Clindamycin phosphate topical solution is indicated in the treatment of acne vulgaris. In view of the potential for diarrhea, bloody diarrhea and pseudomembranous colitis, the physician should consider whether other agents are more appropriate. (See CONTRAINDICATIONS, WARNINGS and ADVERSE REACTIONS.)
Clindamycin phosphate topical solution is contraindicated in individuals with a history of hypersensitivity to preparations containing clindamycin or lincomycin, a history of regional enteritis or ulcerative colitis, or a history of antibiotic-associated colitis.
Orally and parenterally administered clindamycin has been associated with severe colitis which may result in patient death. Use of the topical formulation of clindamycin results in absorption of the antibiotic from the skin surface. Diarrhea, bloody diarrhea, and colitis (including pseudomembranous colitis) have been reported with the use of topical and systemic clindamycin.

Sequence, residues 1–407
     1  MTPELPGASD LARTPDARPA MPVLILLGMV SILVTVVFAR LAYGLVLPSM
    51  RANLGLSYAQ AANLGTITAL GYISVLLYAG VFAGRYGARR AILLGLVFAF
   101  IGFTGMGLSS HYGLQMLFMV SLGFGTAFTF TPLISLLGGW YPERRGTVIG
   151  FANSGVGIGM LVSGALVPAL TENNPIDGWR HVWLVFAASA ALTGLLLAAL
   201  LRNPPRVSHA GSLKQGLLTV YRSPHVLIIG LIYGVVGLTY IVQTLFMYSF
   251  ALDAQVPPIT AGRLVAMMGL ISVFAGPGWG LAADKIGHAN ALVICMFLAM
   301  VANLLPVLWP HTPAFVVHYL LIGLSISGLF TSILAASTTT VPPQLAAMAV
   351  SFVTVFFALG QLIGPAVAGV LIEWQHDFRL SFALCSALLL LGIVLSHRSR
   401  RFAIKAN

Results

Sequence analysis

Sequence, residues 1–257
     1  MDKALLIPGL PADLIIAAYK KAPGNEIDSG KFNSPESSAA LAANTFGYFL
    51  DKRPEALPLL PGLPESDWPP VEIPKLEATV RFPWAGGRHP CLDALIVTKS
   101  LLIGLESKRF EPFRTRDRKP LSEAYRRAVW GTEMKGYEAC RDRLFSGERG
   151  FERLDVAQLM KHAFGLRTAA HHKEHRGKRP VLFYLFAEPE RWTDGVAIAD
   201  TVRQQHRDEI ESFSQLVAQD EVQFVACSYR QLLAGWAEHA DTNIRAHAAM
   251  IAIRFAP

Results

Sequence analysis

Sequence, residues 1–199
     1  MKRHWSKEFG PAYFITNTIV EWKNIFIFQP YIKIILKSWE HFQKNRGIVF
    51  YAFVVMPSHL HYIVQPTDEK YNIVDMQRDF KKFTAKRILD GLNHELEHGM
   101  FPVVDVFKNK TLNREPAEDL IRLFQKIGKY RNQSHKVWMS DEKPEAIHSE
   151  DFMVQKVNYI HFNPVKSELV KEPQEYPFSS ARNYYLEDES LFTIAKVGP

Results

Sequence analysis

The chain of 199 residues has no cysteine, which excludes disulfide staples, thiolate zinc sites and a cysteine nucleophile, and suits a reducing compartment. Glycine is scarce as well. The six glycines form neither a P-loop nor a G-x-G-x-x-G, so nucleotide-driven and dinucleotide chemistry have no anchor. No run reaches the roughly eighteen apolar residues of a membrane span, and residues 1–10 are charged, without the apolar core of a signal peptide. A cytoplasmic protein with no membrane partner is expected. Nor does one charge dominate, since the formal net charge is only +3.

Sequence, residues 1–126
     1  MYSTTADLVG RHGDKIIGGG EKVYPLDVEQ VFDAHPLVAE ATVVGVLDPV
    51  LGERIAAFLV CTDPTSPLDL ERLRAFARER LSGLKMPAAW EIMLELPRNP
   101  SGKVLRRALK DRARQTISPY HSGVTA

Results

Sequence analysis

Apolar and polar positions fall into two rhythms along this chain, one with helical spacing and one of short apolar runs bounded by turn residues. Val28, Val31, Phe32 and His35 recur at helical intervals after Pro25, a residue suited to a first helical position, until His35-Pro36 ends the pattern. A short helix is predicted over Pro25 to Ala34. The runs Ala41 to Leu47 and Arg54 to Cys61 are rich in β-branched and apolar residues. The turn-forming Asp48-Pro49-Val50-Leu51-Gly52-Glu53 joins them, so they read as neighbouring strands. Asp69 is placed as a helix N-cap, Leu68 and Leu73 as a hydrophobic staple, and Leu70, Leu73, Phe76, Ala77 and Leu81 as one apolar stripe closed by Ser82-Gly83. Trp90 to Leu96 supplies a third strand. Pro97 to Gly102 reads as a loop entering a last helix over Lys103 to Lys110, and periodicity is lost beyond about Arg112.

Studies indicate a toxin(s) produced by clostridia is one primary cause of antibiotic-associated colitis. The colitis is usually characterized by severe persistent diarrhea and severe abdominal cramps and may be associated with the passage of blood and mucus. Endoscopic examination may reveal pseudomembranous colitis. Stool culture for Clostridium difficile and stool assay for C. difficile toxin may be helpful diagnostically.
When significant diarrhea occurs, the drug should be discontinued. Large bowel endoscopy should be considered to establish a definitive diagnosis in cases of severe diarrhea.
Antiperistaltic agents such as opiates and diphenoxylate with atropine may prolong and/or worsen the condition. Vancomycin has been found to be effective in the treatment of antibiotic-associated pseudomembranous colitis produced by Clostridium difficile. The usual adult dosage is 500 milligrams to 2 grams of vancomycin orally per day in three to four divided doses administered for 7 to 10 days. Cholestyramine or colestipol resins bind vancomycin in vitro . If both a resin and vancomycin are to be administered concurrently, it may be advisable to separate the time of administration of each drug.